Combine Bitmaps (+7 fps)

Although it would be ideal to have the watch tick marks on top of our clouds, it actually does not make much difference visually as the clouds themselves are transparent. Therefore there is an opportunity to combine the background with the ticks.

+

When we combined these two views together, it meant that the watch needed to spend less time doing alpha blending operations between them, saving precious CPU time. So, consider collapsing alpha blended resources wherever we can in order to increase performance. By combining two full screen bitmaps, we were able to gain another 7 fps (fps up 39%).

Anti-alias vs FilterBitmap flags - what should you use? (+2 fps)

Android Wear watches come in all shapes and sizes. As a result, it is sometimes necessary to resize a bitmap before drawing on the screen. However, it is not always clear what options developers should select to make sure that the bitmap comes out smoothly. With canvas.drawBitmap, developers need to feed in a Paint object. There are two important options to set - they are anti-alias and FilterBitmap. Here's our advice:

Eliminate expensive calls in the onDraw loop (+3 fps)

onDraw is the most critical function call in watch faces. It's called for every drawable frame, and the actual painting process cannot move forward until it's finished. As such, our onDraw method should be as light and as performant as possible. Here's some common problems that developers run into that can be avoided:

  1. Do move heavy and common code to a precompute function - e.g. if we commonly grab R.array.cloudDegrees, try doing that in onCreate, and just referencing it in the onDraw loop.
  2. Don't repeat the same image transform in onDraw - it's common to resize bitmaps at runtime to fit the screen size but this is not available in onCreate. To avoid resizing the bitmap over and over again in onDraw, override onSurfaceChanged where width and height information are available and resize images there.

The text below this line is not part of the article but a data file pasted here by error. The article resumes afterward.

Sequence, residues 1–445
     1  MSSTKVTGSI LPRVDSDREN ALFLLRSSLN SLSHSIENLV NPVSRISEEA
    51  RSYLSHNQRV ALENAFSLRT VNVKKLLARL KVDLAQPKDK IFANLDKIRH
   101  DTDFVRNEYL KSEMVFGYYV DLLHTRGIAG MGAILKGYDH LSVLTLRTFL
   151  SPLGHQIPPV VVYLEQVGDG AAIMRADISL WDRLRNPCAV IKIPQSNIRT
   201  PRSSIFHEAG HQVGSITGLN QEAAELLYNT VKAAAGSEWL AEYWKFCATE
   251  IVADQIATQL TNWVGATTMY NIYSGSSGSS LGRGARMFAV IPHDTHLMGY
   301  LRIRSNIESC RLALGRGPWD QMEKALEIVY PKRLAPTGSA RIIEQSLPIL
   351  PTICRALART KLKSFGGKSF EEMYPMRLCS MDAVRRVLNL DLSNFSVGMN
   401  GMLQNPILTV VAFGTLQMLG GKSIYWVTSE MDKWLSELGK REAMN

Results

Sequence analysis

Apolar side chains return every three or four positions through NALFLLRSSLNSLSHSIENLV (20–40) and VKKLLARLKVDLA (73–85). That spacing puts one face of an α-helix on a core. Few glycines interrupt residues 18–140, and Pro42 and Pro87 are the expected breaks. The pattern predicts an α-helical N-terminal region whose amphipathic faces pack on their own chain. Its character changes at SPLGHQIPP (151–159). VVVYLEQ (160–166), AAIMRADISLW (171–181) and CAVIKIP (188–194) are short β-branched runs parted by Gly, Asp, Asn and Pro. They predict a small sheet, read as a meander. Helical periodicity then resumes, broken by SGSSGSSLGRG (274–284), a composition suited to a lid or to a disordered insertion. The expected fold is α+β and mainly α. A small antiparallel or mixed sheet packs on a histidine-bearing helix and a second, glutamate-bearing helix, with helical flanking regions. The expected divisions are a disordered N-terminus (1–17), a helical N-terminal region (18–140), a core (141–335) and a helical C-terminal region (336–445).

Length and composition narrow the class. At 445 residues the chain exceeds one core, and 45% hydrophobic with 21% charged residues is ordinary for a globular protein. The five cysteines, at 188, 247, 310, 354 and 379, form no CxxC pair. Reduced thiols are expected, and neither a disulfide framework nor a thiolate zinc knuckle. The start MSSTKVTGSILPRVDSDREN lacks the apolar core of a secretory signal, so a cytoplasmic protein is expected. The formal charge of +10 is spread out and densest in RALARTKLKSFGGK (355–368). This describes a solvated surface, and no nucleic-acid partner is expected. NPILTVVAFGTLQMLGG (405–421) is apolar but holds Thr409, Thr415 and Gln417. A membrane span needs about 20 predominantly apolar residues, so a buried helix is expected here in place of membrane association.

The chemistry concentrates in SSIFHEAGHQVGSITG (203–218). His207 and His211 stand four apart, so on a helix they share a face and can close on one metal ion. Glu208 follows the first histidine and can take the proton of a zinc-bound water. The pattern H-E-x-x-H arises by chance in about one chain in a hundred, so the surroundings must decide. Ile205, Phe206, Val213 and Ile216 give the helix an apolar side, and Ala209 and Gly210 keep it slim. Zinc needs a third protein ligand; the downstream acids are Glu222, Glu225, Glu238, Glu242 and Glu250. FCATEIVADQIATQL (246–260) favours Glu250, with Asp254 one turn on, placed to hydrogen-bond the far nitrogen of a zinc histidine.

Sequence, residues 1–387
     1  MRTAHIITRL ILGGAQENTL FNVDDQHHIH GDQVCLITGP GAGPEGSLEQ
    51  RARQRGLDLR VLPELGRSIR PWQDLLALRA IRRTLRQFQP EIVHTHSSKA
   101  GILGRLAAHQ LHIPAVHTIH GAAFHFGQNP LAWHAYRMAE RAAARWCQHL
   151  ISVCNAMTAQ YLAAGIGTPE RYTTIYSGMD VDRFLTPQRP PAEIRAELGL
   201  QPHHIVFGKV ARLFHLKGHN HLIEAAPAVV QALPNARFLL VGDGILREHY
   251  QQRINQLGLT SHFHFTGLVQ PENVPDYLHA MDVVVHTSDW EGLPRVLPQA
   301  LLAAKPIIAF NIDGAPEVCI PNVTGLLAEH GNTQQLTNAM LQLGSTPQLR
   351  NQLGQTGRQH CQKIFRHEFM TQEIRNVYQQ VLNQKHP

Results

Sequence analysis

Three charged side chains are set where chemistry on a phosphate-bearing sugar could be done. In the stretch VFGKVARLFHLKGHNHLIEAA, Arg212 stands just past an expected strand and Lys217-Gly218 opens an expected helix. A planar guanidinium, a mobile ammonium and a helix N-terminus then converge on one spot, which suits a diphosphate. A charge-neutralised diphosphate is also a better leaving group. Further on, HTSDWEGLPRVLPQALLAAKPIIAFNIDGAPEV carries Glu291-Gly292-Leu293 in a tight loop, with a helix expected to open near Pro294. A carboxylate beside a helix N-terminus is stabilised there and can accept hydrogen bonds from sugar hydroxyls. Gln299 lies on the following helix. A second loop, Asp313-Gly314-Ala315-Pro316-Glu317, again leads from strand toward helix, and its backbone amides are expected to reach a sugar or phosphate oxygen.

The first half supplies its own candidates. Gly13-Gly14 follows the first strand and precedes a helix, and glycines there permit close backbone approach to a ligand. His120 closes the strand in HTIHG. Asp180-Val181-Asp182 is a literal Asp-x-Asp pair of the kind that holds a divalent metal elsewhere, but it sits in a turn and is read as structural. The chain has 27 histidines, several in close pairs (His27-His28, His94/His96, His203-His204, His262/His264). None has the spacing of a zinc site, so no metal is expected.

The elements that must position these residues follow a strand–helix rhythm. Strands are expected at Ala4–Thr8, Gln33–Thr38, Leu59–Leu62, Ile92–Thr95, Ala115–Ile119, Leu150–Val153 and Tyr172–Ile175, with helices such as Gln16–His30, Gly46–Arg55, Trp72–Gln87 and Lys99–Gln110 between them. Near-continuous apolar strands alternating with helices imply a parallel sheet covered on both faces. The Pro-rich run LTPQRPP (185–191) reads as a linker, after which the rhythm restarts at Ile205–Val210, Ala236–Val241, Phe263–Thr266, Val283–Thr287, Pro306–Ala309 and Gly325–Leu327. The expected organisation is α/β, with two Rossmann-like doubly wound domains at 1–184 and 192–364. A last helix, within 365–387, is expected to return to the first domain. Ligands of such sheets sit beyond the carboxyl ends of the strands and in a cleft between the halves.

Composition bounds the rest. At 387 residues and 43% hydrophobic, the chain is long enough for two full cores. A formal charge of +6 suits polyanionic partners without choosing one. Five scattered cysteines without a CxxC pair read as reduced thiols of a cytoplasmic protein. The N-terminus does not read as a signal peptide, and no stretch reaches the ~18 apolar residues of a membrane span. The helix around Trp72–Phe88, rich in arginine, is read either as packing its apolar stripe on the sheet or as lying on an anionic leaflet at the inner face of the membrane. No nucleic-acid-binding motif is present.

3. Don't allocate objects in onDraw - this leads to high memory churn which will force garbage collection events to kick off, killing frame rates.
  4. Do analyze the CPU performance by using a tool such as the Android Device Monitor. It's important that the onDraw execution time is short and occurs in a regular period.

Following these simple rules will improve rendering performance drastically.

In the first version, the Santa onDraw routine has a rogue line:

int[] cloudDegrees = 
    getResources().getIntArray(R.array.cloudDegrees);

This loads the int array on every call from resources which is expensive. By eliminating this, we gained another 3 fps (fps up 17%).

Sub-pixel smooth animation (-2 fps)

For those keeping count, we should be 44 fps, so why is the end product 42 fps? The reason is a limitation with canvas.drawBitmap. Although this command takes left and top positioning settings as a float, the API actually only deals with integers if it is purely translational for backwards compatibility reasons. As a result, the cloud can only move in increments of a whole pixel resulting in janky animations. In order to be sub-pixel smooth, we actually need to draw and then rotate rather than having pre-rotate clouds which moves towards Santa. This additional rotation costs us 2 fps. However, the effect is worthwhile as the animation is now sub-pixel smooth.

Before - fast but janky and wobbly

for (int i = 0; i < mCloudBitmaps.length; i++) {
    float r = centerX - (timeElapsed / mCloudSpeeds[i]) % centerX;
    float x = centerX + 
        -1 * (r * (float) Math.cos(Math.toRadians(cloudDegrees[i] + 90)));
    float y = centerY - 
        r * (float) Math.sin(Math.toRadians(cloudDegrees[i] + 90));
    mCloudFilterPaints[i].setAlpha((int) (r/centerX * 255));
    Bitmap cloud = mCloudBitmaps[i];
    canvas.drawBitmap(cloud,
        x - cloud.getWidth() / 2,
        y - cloud.getHeight() / 2,
        mCloudFilterPaints[i]);
}

After - slightly slower but sub-pixel smooth

for (int i = 0; i < mCloudBitmaps.length; i++) {
    canvas.save();
    canvas.rotate(mCloudDegrees[i], centerX, centerY);
    float r = centerX - (timeElapsed / (mCloudSpeeds[i])) % centerX;
    mCloudFilterPaints[i].setAlpha((int) (r / centerX * 255));
    canvas.drawBitmap(mCloudBitmaps[i], centerX, centerY - r,
        mCloudFilterPaints[i]);
    canvas.restore();
}

Before: Integer translation values create janky, wobbly animation. After: smooth sailing!

Quality on every wrist

The watch face is the most prominent UI element in Android Wear. As craftspeople, it is our responsibility to make it shine. Let's put quality on every wrist!

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18 Dec 2014 9:23pm GMT